Enabling SSL/HTTPS on Team Foundation Server 2010 RTM

Update: I’ve been working on some of the issues from this guide and figured out a good portion of them.  Please take a look at my updated guide here.

I’ve found lots of guides on the internet on setting up SSL/HTTPS on Team Foundation Server 2008, but not much on 2010 RTM.  It’s pretty much the same process but I had to figure a few things out differently because of IIS7 and just my personal preferences.

First of all, if you are using Visual Studio 2008 you will need to make sure you have the following (doesn’t really have anything to do with enabling SSL/HTTPS, but you’ll need it to connect to TFS 2010 anyways):

  • Download and install the Visual Studio Team System 2008 Service Pack 1 Forward Compatibility Update for Team Foundation Server 2010 (Installer) found here.  Fun little name isn’t it?
  • Ensure that you’ve installed Visual Studio 2008 SP1 after installing TFS Team Explorer.
      You’ll first need two SSL certifications, one for SharePoint and one for TFS application layer.  It maybe possible to use one SSL certification but I like to have two so i can give each a different address.  Ex. mycompany.com and mycompanysource.com.  First I tried using two self-signed certificates but that didn’t work because Team Explorer doesn’t like self-signed certificates, but the certificate for SharePoint can use a self-signed certificate.  We used Microsoft Certificate Services to provide the certificate necessary for the TFS application layer.
      To request the certificate from Microsoft Certificate Services use the following steps:
  • Open up the IIS Manager and select the server
  • Select “Server Certificate”
  • In the Actions pane > select “Create Domain Certificate”
  • Follow the steps in the “Create Certificate” dialog.
    Once you have your two certificates, follow the next configuration steps:
Configure IIS
  • Open IIS Manager and select the server
  • Expand the “Sites”, you should see a list similar to the following
    iismanager1
    Default Web Site = SharePoint Site
    Team Foundation Sever = TFS Application Layer
    SharePoint redirector = redirector for SharePoint (I’ll explain later)
  • Select the “Default Web Site”
  • In the Actions Pane select “Bindings…”
  • In the Site Bindings window, select “Add”, which will bring up the “Edit Site Binding” page.
    iismanager2
  • Select the following:
    Type: https
    IP Address: all unassigned
    Port: 443
    SSL certificate: the certificate you created for SharePoint
  • Click “Ok”, then “Close” in the “Site Bindings” window.
  • Perform the same steps with the “Team Foundation Server” site, except use port 8088 for the port and the certificate created for the TFS application layer.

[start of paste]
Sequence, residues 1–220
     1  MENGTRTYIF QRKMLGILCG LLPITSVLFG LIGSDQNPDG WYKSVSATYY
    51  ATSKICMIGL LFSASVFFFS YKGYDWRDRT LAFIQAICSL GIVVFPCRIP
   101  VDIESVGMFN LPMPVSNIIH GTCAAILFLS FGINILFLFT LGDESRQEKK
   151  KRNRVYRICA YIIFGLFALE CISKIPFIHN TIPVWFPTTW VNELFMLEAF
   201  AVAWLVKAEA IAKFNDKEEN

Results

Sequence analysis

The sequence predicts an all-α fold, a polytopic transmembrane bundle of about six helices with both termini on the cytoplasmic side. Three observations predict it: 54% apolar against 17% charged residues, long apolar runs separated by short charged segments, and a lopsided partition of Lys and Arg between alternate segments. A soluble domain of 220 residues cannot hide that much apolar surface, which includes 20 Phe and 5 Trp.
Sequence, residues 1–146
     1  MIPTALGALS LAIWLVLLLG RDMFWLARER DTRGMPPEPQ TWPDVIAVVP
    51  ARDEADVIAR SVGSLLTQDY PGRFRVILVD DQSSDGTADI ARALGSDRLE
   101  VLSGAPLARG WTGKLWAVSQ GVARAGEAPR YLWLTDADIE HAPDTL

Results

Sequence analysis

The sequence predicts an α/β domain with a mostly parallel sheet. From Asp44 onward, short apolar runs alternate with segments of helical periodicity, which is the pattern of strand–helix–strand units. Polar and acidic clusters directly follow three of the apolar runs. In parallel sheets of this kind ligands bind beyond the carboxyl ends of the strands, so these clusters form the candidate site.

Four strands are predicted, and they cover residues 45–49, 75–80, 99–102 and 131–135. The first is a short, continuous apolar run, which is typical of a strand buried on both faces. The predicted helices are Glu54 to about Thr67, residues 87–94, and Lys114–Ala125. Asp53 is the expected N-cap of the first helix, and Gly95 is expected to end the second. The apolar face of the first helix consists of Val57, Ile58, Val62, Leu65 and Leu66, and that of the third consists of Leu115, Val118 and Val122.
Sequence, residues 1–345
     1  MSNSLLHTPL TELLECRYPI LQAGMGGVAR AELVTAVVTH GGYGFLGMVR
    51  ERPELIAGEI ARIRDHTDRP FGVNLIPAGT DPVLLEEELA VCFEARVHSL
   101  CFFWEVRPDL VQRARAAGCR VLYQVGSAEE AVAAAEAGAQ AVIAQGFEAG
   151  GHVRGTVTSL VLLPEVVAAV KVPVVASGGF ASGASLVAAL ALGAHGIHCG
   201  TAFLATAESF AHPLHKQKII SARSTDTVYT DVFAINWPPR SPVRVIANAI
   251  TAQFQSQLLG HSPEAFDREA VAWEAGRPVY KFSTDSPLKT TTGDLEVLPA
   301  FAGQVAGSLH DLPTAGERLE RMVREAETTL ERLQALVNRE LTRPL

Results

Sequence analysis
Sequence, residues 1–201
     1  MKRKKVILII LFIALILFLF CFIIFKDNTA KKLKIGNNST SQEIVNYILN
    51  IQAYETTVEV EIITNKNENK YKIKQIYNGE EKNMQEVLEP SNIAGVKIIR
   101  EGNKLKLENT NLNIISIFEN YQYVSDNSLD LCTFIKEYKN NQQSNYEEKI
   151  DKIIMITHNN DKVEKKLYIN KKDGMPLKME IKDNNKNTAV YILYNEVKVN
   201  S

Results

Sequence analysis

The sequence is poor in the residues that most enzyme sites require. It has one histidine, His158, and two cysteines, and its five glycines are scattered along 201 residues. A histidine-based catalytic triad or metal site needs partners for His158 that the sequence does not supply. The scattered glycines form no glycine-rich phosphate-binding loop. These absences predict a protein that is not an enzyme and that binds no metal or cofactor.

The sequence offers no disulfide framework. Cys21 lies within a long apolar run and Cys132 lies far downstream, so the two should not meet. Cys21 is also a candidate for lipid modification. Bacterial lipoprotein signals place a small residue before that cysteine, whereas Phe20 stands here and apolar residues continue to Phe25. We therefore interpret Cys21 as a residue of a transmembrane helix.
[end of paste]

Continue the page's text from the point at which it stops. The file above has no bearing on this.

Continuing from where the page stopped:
• Close IIS Manager, we are done with it.
Configure Firewall
  • Open “Windows Firewall with Advanced Security”
  • Select ‘”Inbound Rules”
  • Find “Team Foundation Server TFSWebSite:8080”, right click and choose disable.
  • In the right Actions pane, select “New Rule”
  • In the “New Inbound rule wizard” fill the following:
    Type: Port
    TCP/UDP: TCP
    Specific local port: 8088
    Allow the Connection
    Domain,Private,Public
    Name: Name of your choice
Configure SharePoint
  • Open up the SharePoint Administrator
  • Select the “Operations” tab, then under “Global Configuration” select “Alternate Access Mappings”
    sharepoint1
  • In the “Alternate Access Mappings” select “Edit Public URLs”
  • First select the “Alternate Access Mapping Collection” and choose the “Default Web Site” in the pop-up.
  • Fill in the default and Internet addresses.
    Default: http://servername (leave default alone)
    Internet: https://mycompanysource.com
  • Click “Save”

At this point you should have SSL setup for both the TFS SharePoint sites and the TFS application layer.  In Team Explorer you should be able to add a server by entering “https://mycompanysource.com:8088/tfs” as the address.

The only thing left to do is make the SharePoint sites a bit easier to access.  Right now you would have to access the SharePoint site by going to https://mycompany.com/tfs/defaultcollection, but wouldn’t it be nice to just type mycompany.com in the address bar and be redirected?  Once you complete these final steps you should be able to do just that.

  • Open up IIS manager.
  • Select your server and right click on “Sites” and choose “Add Web Site”
  • Fill in the following information:
    Site Name: “SharePoint Redirector”
    Physical Path: doesn’t matter i use c:\inetpub
    Binding: Leave as port 80 and defaults.
  • Click “Ok”
  • Select the redirector and in the main window double-click on “HTTP Redirect”
  • Check Redirect request to destination and fill in your target destination. i.e.. https://mycompany.com/sites/defaultcollection
  • Click “Apply” in the Actions Pane

Ok that’s all I got for this post, today.  Enjoy your newly secured TFS server.

Update (4/26/2010):  Apparently there is a little funny business with accessing the report server from the outside network.  Instead of using the FQDN to get to the report server it uses the computer name.  So outside the local network it doesn’t work from the SharePoint site.  There are some steps to get it working, but I can’t quite get SharePoint over SSL to work properly on the server itself resulting in some problems with the TFS configuration tool.